Ever had a Crush on a House?

Ever had a Crush on a House?

Realtor.com® Survey: Men, Women Dig on Digs Differently

So, you’ve got it bad for “the one” — you know, the one that keeps you awake at night fantasizing about the day when you can be together.

Wait a second. We aren’t talking about that one — we’re referring to a different kind of love affair: a “home crush.” If you’ve found yourself swooning over a house you just can’t get out of your head, you’re not alone.

In a new realtor.com® survey, 69 percent of the 1,000 people who responded said they have had a “home crush” – a home they liked so much that they were drawn back to looking at it more than once online or in person.

“We conducted the survey to see how searching for ‘the one’ in real estate correlates to searching for ‘the one’ in love, and we found that they are very similar,” said Barbara O’Connor, chief marketing officer at realtor.com®. “Buyers have to evaluate crushes based on turn-ons and turn-offs and whether the home is in their league, so they often find themselves spending a good amount of time checking out their crush online.”

But what do you do when you’re pining for that perfect dwelling? Just as in romance, men and women respond to their home crushes quite differently, the survey found. Women were more likely than men to have a crush on a home that was out of their league financially, while men moved from one home crush to another more frequently than women.

Men and women tend to fall for the same things when it comes to houses, though. Of those surveyed, 54 percent of women and 46 percent of men said they tended to fall in love with outdoor living spaces. Women also swooned for open floor plans and appliances and fixtures, while men’s hearts raced over a good garage and curb appeal.

“Whether it’s love or real estate, having a short list of deal breakers is critical for finding ‘the one’ to help buyers weed through the crushes to find the home of their dreams,” said Leslie Piper, consumer housing specialist at realtor.com®.

Majority of all surveyed consumers report having a home crush:

69 percent of those surveyed said they have had a house crush

31 percent said they have not had a crush on a house

Women are more likely to cultivate crushes on homes that are out of their league financially:

Of the women included in the survey…

41 percent revealed that their home crush is out of their price range

59 percent reported that their home crush is in their price range

 

Of the men included in the survey…

30 percent indicated their home crush is out of their price range

70 percent shared that their home crush is in their price range

 

I’ve had my share of home crushes – for myself and my client.  Have you?  Please share!

 

I read this article at: http://www.realtor.com/news/men-women-dig-on-digs-differently/?cid=EML301887&MID=2014_02_BoB_2013_ROLLOUT&RID=9851214#.Uvvp9Xl4wpE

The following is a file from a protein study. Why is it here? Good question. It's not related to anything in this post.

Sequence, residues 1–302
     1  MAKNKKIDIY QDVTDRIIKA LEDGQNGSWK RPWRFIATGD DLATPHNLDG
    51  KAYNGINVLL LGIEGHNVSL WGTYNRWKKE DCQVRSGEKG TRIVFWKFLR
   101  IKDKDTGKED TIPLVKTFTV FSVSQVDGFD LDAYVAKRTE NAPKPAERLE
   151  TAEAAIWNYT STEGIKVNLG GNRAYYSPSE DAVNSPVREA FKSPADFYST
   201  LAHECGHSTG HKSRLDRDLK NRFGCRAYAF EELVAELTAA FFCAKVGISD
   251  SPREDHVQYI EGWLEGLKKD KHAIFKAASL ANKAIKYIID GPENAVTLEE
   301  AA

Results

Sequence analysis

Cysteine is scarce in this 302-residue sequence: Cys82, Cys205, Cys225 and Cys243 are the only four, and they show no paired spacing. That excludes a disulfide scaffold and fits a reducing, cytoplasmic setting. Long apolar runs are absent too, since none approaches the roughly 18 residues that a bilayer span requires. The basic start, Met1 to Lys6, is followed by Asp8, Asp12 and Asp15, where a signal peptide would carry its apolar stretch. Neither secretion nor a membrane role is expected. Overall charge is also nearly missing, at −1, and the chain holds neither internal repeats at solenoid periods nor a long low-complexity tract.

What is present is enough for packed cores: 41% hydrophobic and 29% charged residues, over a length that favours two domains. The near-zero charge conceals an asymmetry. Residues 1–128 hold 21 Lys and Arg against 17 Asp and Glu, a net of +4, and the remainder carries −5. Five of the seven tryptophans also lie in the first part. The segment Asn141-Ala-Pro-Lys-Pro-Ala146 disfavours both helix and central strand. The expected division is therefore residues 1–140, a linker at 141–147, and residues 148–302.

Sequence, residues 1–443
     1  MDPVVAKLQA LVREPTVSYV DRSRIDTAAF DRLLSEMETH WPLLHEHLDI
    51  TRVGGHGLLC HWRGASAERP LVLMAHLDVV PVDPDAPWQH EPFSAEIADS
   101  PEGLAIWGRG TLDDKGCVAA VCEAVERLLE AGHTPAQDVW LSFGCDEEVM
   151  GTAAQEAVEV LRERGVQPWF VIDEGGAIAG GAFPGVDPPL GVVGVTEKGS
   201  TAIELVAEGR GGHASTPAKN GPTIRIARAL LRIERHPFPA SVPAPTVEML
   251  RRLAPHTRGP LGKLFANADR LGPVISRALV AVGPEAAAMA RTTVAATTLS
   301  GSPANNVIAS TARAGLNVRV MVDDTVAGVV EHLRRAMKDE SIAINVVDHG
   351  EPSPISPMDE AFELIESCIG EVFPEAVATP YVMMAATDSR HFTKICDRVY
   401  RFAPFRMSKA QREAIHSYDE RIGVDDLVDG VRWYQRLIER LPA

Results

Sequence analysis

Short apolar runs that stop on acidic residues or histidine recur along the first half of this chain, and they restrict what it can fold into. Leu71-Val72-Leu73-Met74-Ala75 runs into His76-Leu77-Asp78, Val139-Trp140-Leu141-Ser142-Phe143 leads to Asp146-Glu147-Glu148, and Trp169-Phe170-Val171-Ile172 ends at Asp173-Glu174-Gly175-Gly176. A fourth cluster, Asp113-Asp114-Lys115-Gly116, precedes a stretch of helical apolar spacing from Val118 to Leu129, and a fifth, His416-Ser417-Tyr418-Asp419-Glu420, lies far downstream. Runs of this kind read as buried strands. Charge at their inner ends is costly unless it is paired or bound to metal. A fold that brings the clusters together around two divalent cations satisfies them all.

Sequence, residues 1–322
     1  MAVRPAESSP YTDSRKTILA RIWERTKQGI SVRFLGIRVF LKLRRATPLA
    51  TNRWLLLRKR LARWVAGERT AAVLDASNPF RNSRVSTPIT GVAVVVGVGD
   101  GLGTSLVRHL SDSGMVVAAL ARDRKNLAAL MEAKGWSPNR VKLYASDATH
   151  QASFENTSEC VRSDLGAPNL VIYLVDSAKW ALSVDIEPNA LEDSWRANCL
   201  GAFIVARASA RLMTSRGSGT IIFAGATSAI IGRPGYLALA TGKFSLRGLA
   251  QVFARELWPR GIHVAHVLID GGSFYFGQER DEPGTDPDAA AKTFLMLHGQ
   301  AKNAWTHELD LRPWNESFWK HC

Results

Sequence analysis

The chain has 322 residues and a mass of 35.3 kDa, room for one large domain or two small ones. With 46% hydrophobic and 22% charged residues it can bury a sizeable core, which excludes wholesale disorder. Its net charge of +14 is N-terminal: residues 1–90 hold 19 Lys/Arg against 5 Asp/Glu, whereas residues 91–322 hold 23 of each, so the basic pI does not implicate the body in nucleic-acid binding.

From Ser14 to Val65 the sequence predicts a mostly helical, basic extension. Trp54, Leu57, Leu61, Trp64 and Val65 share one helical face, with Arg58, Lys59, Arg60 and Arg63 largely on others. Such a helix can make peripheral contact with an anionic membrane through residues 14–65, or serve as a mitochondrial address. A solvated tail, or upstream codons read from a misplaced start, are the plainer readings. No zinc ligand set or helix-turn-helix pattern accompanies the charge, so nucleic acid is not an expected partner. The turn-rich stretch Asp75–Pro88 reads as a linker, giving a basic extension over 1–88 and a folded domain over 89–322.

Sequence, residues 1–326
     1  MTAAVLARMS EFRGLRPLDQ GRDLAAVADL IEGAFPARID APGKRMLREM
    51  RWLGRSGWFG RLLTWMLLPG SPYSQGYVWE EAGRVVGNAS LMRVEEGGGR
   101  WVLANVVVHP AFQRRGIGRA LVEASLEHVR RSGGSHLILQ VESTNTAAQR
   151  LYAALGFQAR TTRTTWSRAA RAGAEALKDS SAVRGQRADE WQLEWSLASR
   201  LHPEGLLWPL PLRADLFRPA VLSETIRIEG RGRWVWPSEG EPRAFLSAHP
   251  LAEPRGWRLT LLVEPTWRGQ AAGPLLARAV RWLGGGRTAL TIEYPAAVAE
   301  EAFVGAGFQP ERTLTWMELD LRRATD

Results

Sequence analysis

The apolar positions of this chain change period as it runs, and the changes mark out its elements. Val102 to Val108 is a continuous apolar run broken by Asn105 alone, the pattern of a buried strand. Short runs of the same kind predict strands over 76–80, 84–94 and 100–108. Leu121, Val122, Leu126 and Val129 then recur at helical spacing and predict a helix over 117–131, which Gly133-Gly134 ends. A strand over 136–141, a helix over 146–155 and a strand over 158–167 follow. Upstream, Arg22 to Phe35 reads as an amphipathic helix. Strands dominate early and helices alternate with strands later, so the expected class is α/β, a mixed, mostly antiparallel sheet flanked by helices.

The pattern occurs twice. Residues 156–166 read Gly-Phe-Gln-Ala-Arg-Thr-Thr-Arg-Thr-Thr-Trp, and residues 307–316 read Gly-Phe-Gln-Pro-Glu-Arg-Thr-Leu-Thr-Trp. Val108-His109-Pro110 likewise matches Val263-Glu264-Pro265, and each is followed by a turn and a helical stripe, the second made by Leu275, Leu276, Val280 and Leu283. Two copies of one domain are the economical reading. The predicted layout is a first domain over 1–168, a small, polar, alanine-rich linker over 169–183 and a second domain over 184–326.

Remember to follow our Blog at: https://therealestatebeat.wordpress.com/

Got Questions? – The Caton Team is here to help.  

Email Sabrina & Susan at:  Info@TheCatonTeam.com

Call us at: 650-568-5522  Office:  650-365-9200

Want Real Estate Info on the Go?  Download our FREE Real Estate App:  http://thecatonteam.com/mobileapp

Visit our Website at:   http://thecatonteam.com/

Visit us on Facebook:   http://www.facebook.com/pages/Sabrina-Susan-The-Caton-Team-Realtors/294970377834

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Or Yelp me:  http://www.yelp.com/user_details_thanx?userid=gpbsls-_RLpPiE9bv3Zygw

Connect with us professionally at LinkedIn:  http://www.linkedin.com/profile/view?id=6588013&trk=tab_pro

Please enjoy my personal journey through homeownership at:

http://ajourneythroughhomeownership.wordpress.com

Thanks for reading – Sabrina

The Caton Team – Susan & Sabrina – A Family of Realtors

Sabrina BRE# 01413526 / Susan BRE #01238225 / Team BRE#70000218/ 01499008

 

New Fannie Mae/Freddie Mac mortgage rules to reduce buyer purchasing power

New Fannie Mae/Freddie Mac mortgage rules to reduce buyer purchasing power

A New Year’s gift from Fannie Mae and Freddie Mac: higher mortgage rates!

Fannie and Freddie recently announced a 10-point increase in the guarantee fee paid by lenders for loan commitments, effective on mortgages with commitment dates on or after April 1, 2014. The fee isn’t directly charged to homebuyers, but you can bet lenders are going to pass the extra cost along in the form of higher interest rates.

Plans to increase Fannie and Freddie’s guarantee fees have been loosely imminent since 2012. Still, the implementation of higher fees comes at a bad time for California’s housing market, which is still reeling from:

▪ a mid-2013 hike in mortgage rates that continues to hold on; and
▪ too-high home prices, brought about by rampant speculation in 2013.

Of course, Fannie and Freddie’s reasons for raising fees is sensible: they want more money to offset the risk associated with their business of guaranteeing home loans (made all the riskier in the aftermath of the housing crash and following foreclosure crisis). More money means becoming independent of U.S. taxpayers sooner. But their timing is questionable.

Buyer purchasing power is at an all-time low as of December 2013. Homebuyers qualify for 10.4% less principal when purchasing a home with the same income compared to a year ago, due to higher mortgage rates alone.

This is not only bad news for homebuyers in 2014, but it’s just another headwind facing California’s slow, bumpy plateau housing recovery.

Congressman Mel Watt, who replaced Edward DeMarco as head of the Federal Housing Finance Agency (FHFA) earlier this week, is pushing to delay the increases until later in the year. If he’s successful, he’ll kick the can down the road a ways – but it’s coming.

What can agents do with this news?

First, educate your homebuyer and seller clients about the coming rise in mortgage rates. Knowing that rates will rise in the coming year may give them a needed push to buy or list before the rate hikes arrives and reduces buyer purchasing power further.